The pandemic had a profound impact on almost every area of how we live and work, causing ongoing stress and anxiety for many of us. Despite the easing of pandemic restrictions, many stressors remain, and seem set to stay indefinitely as we navigate new ways of working.
Unfortunately, women are feeling the effects more than men, with research suggesting they are more vulnerable to burnout. As a result, one in three women has even considered downshifting or leaving the workforce in the past year.
This International Women’s Day, businesses must go beyond simply acknowledging these statistics, and work proactively to challenge inequalities by taking measures to avoid burnout and support women to thrive in the workplace.
Understanding the imbalance
Research suggests women are more likely than men to experience burnout due to a lack of authority and control in the workplace. Women in roles with less decision-making power are more vulnerable to burnout than men, as they are less able to control and balance the demands of their work
And despite recent efforts to bridge the workplace gender gap, it appears the last two years have undone much of the good work – with equality gains being reversed and the pandemic heightening risks to women’s health and wellbeing.
Pandemic restrictions have seen many of us working remotely. Where managed well, this can be considered as a ‘work perk’. It has also however, seemingly contributed to a regression in equality. Not only have the natural stresses of a new working environment hit women harder than men but remote working has brought its own challenges.
A common trait among burned-out individuals is a pressure to be ‘always on’
Childcare demands and household tasks have naturally increased as we spend more time at home and women have experienced these unequally – with studies suggesting women undertake three times more childcare responsibilities and are five times as likely to spend 20-hours or more per week on chores.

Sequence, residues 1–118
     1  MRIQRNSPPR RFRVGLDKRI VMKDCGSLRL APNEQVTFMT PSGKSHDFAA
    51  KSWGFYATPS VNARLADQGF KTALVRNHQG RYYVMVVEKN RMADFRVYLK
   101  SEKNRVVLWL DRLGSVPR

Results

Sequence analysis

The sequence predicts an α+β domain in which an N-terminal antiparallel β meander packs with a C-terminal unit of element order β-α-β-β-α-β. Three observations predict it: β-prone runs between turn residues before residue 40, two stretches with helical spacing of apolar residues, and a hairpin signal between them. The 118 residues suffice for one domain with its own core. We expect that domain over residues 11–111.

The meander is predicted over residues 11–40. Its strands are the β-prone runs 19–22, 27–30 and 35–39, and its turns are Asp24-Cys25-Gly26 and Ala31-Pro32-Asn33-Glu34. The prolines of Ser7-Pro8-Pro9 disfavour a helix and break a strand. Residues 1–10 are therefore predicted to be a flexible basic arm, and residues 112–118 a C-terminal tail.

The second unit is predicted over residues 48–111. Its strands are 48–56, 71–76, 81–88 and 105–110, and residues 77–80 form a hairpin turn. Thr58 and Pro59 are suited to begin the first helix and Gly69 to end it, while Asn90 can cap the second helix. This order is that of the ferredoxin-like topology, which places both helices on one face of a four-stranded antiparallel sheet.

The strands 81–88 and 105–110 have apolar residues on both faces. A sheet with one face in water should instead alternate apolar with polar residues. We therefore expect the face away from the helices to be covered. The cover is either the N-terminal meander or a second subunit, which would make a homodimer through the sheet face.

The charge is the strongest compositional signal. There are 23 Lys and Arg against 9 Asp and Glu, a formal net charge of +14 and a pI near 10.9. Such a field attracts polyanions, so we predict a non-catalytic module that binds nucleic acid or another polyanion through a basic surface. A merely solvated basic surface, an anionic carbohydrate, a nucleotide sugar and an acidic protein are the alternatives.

Balancing the increasing demands of both work and home responsibilities is leaving women in a constant state of heightened stress – a ‘fight or flight’ mode that can lead to physical symptoms including tension, sleep disturbance, nausea, fatigue, and musculoskeletal problems, as well as mental health difficulties such as anxiety and depression.
So, how can occupational health professionals prevent burnout, recognise early signs and symptoms and support women to avoid losing their top talent?
Individuals experiencing burnout are often reluctant to speak about their situation due to the perceived stigma around mental health and even fear of the career consequences of being seen to struggle with work stress – like being overlooked for promotions.
This can be especially true for women, who already must work harder to progress their careers. One study suggests for every 100 men promoted to manager level, only 86 women achieve the same.
So, it’s no wonder women stay silent when it comes to the traditionally taboo topic of mental health. It’s one layer of the armoury many women assemble to prove their ‘worthiness’ in a male-dominated workplace.
But unfortunately, it’s a vicious cycle, with those who resist speaking out about their experiences not receiving the support that could help them to not just cope but flourish.
This is why occupational health managers have a responsibility to recognise the early signs of burnout in others and intervene. This may include a measurable decline in work standards, as well as changes in behaviour, such as irritability, low mood, tiredness, and an inability to concentrate.
'Occupational health managers have a responsibility to recognise the early signs of burnout in others and intervene'